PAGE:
WEDNESDAY, Oct. 26 (HealthDay News) -- Researchers have put the health promises of popular probiotic yogurts to the test and found they may alter the way in which food is metabolized.
But whether that means probiotic foods and supplements can improve your health remains to be seen, they said.
"Federal regulatory agencies are increasingly interested in evaluating all the health claims being made by probiotic food manufacturers," said study co-author Dr. Jeffrey Gordon, a biologist and director of the Center for Genome Sciences at Washington University School of Medicine, in St. Louis. "So what we did was try to develop a model for the human gut that can give us a way to measure the effects."
What they saw, Gordon said, "is that adding a few billion of these microbial organisms to a gut community already containing tens of trillions of bacteria can, in fact, influence the metabolism of food ingredients. The structure of the microbe community doesn't change. But the function does."
Funding for the research came from the U.S. National Institutes of Health (NIH) and Danone Research, an arm of the food conglomerate that makes Dannon probiotic yogurt Activia.
The study is published in the Oct. 26 issue of Science Translational Medicine.
The microbial communities found in all human beings are enormously bountiful, the authors said, and efforts have long been under way to better understand how humans and their resident microbe population interact.
According to the NIH's National Center for Complementary and Alternative Medicine, the term "probiotics" commonly refers to digestible live microorganisms, such as bacteria, viruses and yeasts, that have the potential to boost health when consumed in sufficient quantities.
In most cases, edible probiotics contain the same sort of "friendly bacteria" already found in the guts of most individuals. Makers of probiotic supplements claim they help fight disease by boosting the immune system, protecting against "bad bacteria" and aiding in the digestive process.
And some preliminary evidence does indicate that consuming probiotics may aid in the treatment of diarrhea, irritable bowel syndrome, bladder cancer, urinary and intestinal tract infections, and even eczema.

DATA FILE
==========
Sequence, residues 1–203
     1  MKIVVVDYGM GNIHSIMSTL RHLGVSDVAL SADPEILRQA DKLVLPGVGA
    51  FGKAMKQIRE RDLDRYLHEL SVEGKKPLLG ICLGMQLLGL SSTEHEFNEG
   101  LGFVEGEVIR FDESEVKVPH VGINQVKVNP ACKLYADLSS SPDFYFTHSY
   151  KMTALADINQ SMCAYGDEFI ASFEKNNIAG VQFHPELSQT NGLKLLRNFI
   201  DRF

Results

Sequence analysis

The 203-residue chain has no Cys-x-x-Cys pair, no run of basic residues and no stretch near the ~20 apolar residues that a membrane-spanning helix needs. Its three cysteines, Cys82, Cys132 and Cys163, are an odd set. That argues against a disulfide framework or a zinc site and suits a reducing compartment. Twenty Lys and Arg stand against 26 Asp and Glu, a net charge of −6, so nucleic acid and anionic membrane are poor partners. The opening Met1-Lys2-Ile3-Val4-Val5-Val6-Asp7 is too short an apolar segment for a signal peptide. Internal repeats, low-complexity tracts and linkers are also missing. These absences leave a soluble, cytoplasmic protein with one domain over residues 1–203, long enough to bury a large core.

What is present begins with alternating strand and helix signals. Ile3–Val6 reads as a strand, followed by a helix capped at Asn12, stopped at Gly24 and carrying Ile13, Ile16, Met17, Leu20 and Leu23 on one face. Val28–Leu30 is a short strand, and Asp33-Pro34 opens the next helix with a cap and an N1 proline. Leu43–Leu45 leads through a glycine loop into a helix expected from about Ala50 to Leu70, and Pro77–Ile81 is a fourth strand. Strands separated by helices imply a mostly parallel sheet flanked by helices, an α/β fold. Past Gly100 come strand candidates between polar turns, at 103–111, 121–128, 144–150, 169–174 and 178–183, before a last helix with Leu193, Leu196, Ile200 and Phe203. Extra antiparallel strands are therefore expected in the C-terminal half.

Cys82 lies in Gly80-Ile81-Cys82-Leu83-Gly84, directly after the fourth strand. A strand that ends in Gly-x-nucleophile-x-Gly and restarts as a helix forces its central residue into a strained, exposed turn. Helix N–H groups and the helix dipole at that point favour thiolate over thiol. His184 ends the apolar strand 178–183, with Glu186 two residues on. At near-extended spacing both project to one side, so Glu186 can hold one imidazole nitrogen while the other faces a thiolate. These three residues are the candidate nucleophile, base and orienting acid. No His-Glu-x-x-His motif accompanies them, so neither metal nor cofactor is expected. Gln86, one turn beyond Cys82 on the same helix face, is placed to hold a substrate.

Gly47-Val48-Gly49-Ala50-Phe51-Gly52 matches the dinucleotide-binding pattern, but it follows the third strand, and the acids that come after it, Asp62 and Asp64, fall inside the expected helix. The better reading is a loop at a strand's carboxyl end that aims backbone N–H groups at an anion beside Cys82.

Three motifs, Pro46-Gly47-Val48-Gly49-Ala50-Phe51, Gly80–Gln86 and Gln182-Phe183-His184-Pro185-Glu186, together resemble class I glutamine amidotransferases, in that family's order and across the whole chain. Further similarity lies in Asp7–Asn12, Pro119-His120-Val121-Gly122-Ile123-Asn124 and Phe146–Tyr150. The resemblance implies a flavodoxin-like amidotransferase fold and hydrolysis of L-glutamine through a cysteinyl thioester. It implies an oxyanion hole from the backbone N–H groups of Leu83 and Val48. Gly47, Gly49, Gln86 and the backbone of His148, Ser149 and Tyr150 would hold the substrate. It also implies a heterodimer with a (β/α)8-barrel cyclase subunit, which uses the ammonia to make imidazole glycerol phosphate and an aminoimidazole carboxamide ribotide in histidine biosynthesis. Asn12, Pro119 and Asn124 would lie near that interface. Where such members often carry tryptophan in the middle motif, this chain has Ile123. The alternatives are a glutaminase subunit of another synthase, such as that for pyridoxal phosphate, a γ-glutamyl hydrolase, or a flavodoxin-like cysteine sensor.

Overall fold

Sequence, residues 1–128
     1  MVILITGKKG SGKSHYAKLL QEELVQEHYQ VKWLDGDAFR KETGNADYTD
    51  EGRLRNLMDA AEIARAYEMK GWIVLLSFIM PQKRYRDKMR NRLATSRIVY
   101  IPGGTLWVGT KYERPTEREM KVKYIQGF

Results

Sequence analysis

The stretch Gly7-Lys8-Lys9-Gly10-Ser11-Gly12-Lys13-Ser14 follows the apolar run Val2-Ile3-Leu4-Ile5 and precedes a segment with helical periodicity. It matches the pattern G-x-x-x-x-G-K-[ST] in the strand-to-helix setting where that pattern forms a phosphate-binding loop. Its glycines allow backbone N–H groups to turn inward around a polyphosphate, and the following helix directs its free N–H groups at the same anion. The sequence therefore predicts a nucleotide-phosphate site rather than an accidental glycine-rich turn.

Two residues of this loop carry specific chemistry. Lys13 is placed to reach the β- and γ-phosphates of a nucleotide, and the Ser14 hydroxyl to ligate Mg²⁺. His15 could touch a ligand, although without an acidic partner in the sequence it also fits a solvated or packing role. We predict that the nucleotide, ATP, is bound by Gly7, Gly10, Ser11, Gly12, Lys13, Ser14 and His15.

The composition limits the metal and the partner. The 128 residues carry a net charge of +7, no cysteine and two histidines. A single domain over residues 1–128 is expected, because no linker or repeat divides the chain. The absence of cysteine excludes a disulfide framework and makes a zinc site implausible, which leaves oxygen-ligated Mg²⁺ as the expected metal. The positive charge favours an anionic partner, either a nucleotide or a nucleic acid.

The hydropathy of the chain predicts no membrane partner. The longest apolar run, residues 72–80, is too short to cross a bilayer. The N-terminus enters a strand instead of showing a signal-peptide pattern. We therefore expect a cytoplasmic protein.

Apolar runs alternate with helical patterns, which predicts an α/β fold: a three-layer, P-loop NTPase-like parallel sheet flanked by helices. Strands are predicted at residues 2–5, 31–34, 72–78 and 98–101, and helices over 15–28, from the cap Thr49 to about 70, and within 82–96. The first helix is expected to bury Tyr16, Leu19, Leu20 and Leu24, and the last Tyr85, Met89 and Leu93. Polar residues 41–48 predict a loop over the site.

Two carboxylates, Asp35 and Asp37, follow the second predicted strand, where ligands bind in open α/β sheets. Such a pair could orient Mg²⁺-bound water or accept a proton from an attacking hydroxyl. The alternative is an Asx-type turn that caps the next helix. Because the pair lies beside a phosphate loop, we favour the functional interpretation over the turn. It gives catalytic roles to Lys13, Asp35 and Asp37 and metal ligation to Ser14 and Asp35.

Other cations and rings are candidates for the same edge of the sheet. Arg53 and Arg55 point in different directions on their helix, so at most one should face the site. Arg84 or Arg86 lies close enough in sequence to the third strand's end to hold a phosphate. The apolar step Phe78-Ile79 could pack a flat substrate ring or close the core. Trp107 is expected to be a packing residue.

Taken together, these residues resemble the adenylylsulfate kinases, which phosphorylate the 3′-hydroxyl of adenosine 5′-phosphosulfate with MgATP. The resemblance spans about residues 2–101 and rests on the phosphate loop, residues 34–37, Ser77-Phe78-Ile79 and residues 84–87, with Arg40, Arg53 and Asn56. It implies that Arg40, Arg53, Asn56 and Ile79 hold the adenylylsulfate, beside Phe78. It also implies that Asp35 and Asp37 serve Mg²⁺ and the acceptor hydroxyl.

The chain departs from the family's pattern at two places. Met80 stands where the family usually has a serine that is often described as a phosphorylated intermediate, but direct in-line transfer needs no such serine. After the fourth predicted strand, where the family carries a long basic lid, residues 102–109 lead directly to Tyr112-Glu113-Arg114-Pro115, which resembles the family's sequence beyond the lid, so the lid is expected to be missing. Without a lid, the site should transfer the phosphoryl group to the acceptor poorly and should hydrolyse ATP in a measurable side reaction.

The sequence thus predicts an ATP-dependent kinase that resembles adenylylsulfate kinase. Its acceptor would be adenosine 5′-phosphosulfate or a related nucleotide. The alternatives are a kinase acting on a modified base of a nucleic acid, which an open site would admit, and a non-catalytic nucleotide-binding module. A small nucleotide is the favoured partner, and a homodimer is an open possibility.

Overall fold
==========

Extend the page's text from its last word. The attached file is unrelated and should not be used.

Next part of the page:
To explore whether the promises are backed up by hard science, Gordon and his associates set out to conduct a high-tech investigation involving mice and human twins.
In the first instance, germ-free mice were carefully raised so that the environment of their guts mimicked that of humans. In effect, the mouse guts played host solely to 15 human gut microbes, all of which had been genetically sequenced.
Next, seven sets of healthy, young-adult female twins were recruited.
Over four months, the "humanized" mice and the twins consumed a commercially available probiotic-cultured yogurt. The researchers analyzed bacterial gut composition and behavior patterns before, during and after probiotic consumption.
The result: The bacterial species in the yogurt did not take up fresh residence in either the human or animal consumers. Thus, the bacterial environment found in the guts of both mouse and man was roughly the same before and after yogurt consumption.
However, a subsequent urine analysis among the "humanized" mice unearthed "significant changes" in the activity of enzymes involved in metabolism, the team said.
The most prominent changes, the team further noted, had to do with the breakdown of carbohydrates.
But they concluded that more research is needed before anything definitive can be said about the effect of probiotic consumption on human health.
Still, they noted a silver lining. "We have successfully developed a way to test the effects of these microbes on the gut," noted Gordon. "And that means that we can now use this testing pipeline as we move forward, in order to get a better handle on the claims of various products already available in supermarkets."
Justin Sonnenburg, an assistant professor of microbiology and immunology at Stanford University School of Medicine, in California, lauded the study as "interesting, subtle and incredibly well-designed."
"The fact that they found that a probiotic preparation doesn't do incredibly profound things to your existing gut composition, but instead impacts its function, is a theme that is coming up over and over again," he said. "And that is, that it matters less what microbes are actually there, and more what they are actually doing."
Based on this work, it can be said that that consuming a probiotic will likely have some impact on the function of your gut microbial community, he noted. But, "it's still way too preliminary to say whether this means that probiotics are good or bad," he said.
For more on probiotics, visit the U.S. National Center for Complementary and Alternative Medicine.
SOURCES: Jeffrey I. Gordon, M.D., biologist and director, Center for Genome Sciences & Systems Biology, Washington University School of Medicine, St. Louis, Mo.; Justin Sonnenburg, Ph.D., assistant professor, microbiology and immunology, school of medicine, Stanford University, Stanford, Calif.; Oct. 26, 2011, Science Translational Medicine
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